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  • brucegray

    This is an important topic. And I don’t think it is well considered by most, including sports scientists. Consider evolution and more recent human history. The great bulk of mankind have not done moderate to intense aerobic exercise 5 or more hours a week. Rather, they toiled at manual tasks over longer periods. These are lower intensity activity that burns fat primarily, not glycogen and glucose. And generally they worked in a more harmonious mindstate, singing or whistling as they did, pausing as needed. Anyone who has traveled in developing countries with eyes open will know this is true.

    Nor did our ancestors sit sedentarily (in offices) under significant daily stress.

    So much of the psychological, emotional, and musculoskeletal dis-ease of modern man is due purely to how our activity differs from our ancestors.
    Until we wake up and ask what drives the obsession with cardio exercise, we are not going to make much progress understanding mental illness, or obesity.

    And no, I am not advocating we all join a gym, pump iron, and eat Paleo instead. I’m a health professional who has seen too many people using cardio exercise to manage stress, unsuccessfully.

    • OverIt

      I can see where you going here, and I think you have a good point. Many general training/health articles (non cycling), now seem to be converging on the steady workload, with bursts of high intensity. Which would replicate our ancestral way of life. Encouraging fat burning and a balance between a strong body, with good short -> medium burst cardio ability.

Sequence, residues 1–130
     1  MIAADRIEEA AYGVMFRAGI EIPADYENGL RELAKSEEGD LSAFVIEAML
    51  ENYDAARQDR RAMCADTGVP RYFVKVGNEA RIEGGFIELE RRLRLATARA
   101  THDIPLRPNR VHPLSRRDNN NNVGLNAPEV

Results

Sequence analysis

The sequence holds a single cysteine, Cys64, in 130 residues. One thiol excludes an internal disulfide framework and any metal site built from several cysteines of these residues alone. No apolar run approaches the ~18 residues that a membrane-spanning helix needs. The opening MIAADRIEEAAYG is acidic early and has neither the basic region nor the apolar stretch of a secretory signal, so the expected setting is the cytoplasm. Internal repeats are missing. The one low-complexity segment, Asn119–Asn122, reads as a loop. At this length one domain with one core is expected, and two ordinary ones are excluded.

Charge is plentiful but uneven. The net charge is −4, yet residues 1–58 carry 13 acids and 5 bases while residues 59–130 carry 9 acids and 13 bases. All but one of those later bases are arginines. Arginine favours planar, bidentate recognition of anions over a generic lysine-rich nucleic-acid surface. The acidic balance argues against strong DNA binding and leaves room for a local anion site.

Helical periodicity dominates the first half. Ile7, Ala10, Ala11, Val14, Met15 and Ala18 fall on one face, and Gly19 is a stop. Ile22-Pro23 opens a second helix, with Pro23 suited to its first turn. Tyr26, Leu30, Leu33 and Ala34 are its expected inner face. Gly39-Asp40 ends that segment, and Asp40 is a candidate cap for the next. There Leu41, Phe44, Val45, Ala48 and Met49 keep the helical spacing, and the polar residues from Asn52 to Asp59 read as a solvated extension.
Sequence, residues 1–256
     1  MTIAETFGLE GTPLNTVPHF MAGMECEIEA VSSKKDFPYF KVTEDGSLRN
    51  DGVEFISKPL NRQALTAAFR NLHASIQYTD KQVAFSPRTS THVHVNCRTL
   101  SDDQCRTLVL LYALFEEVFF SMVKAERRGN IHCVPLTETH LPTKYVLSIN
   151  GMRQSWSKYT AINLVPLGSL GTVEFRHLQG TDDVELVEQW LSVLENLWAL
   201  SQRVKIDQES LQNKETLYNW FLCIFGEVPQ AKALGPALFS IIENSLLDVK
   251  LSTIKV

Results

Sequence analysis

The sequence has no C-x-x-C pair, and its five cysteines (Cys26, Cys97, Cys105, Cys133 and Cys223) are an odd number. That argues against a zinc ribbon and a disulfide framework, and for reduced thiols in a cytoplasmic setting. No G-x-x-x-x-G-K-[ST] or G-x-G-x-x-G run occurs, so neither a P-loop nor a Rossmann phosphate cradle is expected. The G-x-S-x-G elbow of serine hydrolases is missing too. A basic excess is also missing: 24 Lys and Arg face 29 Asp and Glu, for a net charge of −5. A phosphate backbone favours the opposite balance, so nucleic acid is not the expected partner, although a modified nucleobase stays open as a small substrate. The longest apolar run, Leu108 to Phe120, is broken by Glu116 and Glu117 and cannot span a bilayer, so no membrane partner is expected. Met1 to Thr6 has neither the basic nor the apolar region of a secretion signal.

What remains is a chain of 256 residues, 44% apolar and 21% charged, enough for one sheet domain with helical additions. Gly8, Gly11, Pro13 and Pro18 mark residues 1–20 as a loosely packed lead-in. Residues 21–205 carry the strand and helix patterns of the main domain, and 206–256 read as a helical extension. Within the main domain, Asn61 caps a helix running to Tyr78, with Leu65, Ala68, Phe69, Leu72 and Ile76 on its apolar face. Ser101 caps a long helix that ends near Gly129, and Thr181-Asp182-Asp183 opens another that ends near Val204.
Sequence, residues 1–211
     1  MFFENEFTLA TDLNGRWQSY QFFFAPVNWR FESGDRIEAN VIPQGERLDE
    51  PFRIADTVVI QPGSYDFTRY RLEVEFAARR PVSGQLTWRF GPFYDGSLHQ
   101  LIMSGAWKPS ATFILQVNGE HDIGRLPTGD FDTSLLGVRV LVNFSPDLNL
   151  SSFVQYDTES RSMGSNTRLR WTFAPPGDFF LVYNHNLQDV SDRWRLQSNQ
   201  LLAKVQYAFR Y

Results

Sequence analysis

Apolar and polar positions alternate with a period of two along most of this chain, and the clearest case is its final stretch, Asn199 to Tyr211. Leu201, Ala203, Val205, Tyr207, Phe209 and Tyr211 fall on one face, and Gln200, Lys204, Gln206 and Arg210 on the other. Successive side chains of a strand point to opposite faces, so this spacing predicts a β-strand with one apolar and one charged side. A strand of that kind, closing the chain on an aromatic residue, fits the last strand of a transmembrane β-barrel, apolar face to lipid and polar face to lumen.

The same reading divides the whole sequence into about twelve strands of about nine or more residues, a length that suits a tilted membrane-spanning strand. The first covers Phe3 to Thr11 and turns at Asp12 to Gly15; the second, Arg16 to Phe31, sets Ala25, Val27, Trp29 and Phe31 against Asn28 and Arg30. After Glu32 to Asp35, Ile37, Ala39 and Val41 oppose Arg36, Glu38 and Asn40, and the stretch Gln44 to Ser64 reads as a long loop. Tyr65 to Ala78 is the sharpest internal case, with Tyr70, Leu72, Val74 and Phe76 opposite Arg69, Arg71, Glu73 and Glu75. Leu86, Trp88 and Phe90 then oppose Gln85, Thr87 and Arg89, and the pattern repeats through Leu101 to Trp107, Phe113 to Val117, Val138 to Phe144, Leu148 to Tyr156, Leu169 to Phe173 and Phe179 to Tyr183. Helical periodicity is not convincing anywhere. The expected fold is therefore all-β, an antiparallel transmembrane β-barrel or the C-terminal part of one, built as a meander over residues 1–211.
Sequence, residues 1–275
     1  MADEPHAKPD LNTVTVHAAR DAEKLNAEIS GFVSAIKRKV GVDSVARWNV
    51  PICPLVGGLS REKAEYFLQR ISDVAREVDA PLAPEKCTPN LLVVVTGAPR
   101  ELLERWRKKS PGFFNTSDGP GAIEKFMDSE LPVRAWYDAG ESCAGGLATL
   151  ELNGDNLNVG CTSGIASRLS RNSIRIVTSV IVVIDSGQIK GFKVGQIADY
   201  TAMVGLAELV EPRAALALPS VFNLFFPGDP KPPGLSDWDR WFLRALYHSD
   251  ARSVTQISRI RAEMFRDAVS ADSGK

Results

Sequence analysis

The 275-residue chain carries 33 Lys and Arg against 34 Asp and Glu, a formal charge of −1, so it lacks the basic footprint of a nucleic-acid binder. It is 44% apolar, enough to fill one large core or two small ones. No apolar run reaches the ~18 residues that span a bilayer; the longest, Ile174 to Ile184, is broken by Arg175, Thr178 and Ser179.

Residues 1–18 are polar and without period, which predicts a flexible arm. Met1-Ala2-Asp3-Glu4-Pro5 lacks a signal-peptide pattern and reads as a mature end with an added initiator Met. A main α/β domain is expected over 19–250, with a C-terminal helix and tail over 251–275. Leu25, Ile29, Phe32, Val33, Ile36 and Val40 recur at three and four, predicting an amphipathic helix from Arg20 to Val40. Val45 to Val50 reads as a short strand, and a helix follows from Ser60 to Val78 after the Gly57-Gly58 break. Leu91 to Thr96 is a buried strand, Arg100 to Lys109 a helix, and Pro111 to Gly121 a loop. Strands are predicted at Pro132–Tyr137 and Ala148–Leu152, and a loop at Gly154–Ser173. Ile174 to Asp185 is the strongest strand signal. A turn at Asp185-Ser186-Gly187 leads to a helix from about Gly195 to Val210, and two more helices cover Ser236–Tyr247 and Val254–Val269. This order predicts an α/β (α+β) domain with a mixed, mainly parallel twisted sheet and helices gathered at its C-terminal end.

I was a late bloomer physically, but would say I’m at the fittest ‘overall’ I’ve ever been, and I’m now 43. For me it’s a combination of things. Not too much loooooong riding at high intensity, (people should read more about how too much Cortisol from prolonged cardio, can have quite damaging effects especially as we age and start losing muscle). ‘Enough’ weight training to maintain muscle & bone mass and muscle neurological connectivity, (my physiology never allowed me to gain lean mass easily). But I can Squat and dead-lift >1.5 times my body weight. I’d like to see what cyclists could do in the gym? (not a criticism, just a curiosity).

      I think the other topic for mental health is the overly processed and unnatural way we feed our bodies, upsetting the mind. There are many studies now connecting digestive health to mental state. So eating as unprocessed as possible is a big one too.

      Hopefully awareness of the above is enough to counter the negatives of office life, but you’re right, there’s a lot we need to learn from our past here and from people not caught up in capitalist western society and not stressed out like we are.

      • brucegray